11. PTC: Cancer Types: Kidney
What is kidney cancer?
Kidney cancer is the out-of-control growth of kidney cells, often forming a growth, called a tumor. The most common type of kidney cancer is renal cell carcinoma, which occurs in about 9 out of 10 cases of people who have kidney cancer. This cancer forms in the lining of the renal tubules, which do things like clean blood and make urine. Kidney cancer can spread to other parts of the body, known as metastasis. However, the tumor often stays in the kidney and if it stays small, a doctor can remove just the tumor, rather than the whole kidney. Other forms of kidney cancer include transitional cell carcinomas, Wilms tumors, and renal sarcomas.
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How does kidney cancer present?
What are some risk factors for kidney cancer?
A risk factor is anything that increases your chance of getting a disease such as cancer. Different cancers have different risk factors. Some risk factors, like smoking, can be changed. Others, like your age or family history, can’t be changed. But having a risk factor, or even several risk factors does not mean that you will get the disease. And some people who get the disease may have few or no known risk factors. Even if a person with kidney cancer has a risk factor, it is often very hard to know how much that risk factor contributed to cancer. Scientists have found several risk factors that could make you more likely to develop kidney cancer.
- Family History
- Gender: RCC (renal cell cancer) is twice as common in men than in women
- Race: African Americans and American Indians/Alaska Natives have slightly higher rates of RCC than do Caucasians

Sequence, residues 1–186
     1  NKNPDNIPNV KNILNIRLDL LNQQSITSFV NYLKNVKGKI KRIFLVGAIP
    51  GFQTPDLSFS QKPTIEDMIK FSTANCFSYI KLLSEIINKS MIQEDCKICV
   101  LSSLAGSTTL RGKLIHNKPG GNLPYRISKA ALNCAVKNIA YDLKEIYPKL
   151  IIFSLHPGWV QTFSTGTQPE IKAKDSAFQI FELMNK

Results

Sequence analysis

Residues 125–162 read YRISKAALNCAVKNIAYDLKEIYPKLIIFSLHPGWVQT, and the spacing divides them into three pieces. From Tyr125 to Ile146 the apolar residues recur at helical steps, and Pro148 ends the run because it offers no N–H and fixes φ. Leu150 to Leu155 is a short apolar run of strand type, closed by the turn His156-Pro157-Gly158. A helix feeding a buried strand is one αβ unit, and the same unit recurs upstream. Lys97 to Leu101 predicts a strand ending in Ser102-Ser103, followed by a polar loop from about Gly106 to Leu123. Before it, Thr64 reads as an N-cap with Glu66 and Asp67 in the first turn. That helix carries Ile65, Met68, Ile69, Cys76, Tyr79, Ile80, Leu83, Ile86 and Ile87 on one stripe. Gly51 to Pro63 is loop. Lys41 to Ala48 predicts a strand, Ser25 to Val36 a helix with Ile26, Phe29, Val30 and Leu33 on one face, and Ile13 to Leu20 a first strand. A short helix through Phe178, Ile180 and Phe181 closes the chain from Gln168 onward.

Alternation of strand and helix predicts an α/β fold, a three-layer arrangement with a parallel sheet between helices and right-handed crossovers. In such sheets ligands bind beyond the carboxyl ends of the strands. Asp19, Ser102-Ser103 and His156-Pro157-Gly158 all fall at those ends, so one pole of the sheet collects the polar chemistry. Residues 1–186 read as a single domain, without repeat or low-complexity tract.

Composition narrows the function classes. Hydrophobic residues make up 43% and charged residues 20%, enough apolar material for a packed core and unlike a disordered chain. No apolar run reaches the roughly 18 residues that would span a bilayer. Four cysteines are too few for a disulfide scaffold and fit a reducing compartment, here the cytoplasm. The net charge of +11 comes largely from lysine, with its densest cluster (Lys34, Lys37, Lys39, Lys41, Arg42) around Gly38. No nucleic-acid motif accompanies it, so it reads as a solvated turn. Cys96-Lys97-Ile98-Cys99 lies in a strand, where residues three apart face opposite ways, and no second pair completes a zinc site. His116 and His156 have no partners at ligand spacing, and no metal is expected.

- High blood pressure
- Genetic & Hereditary Risk Factors: Those with von Hippel-Lindau disease, Birt-Hogg-Dube syndrome, tuberous sclerosis complex, or hereditary papillary renal cell carcinoma have an increased risk of kidney cancer
- Chemical Exposure: Workplace exposures to certain substances (e.g. cadmium-a type of metal, some herbicides and organic solvents, specifically trichloroethylene)
What symptoms should patients be on the lookout for?Early kidney cancer is hard to diagnose because it does not cause pain or show signs during the early stages. Because early detection is hard, it is usually caught in the later stages instead of after it has spread. Symptoms usually show when the tumor grows into other nearby organs. Some of these symptoms are:
- loss of appetite,
- pain or pressure in the side or back,
- continuous fever and/or
- high blood pressure.
Visual signs often do not appear in the early stages of kidney cancer until cancer spreads. Some visual signs may include:
- blood in urine,
- an unexplained mass in the side or back,
- ankle or leg swelling,
- weight loss not caused by dieting, and/or
- clustered and enlarged veins.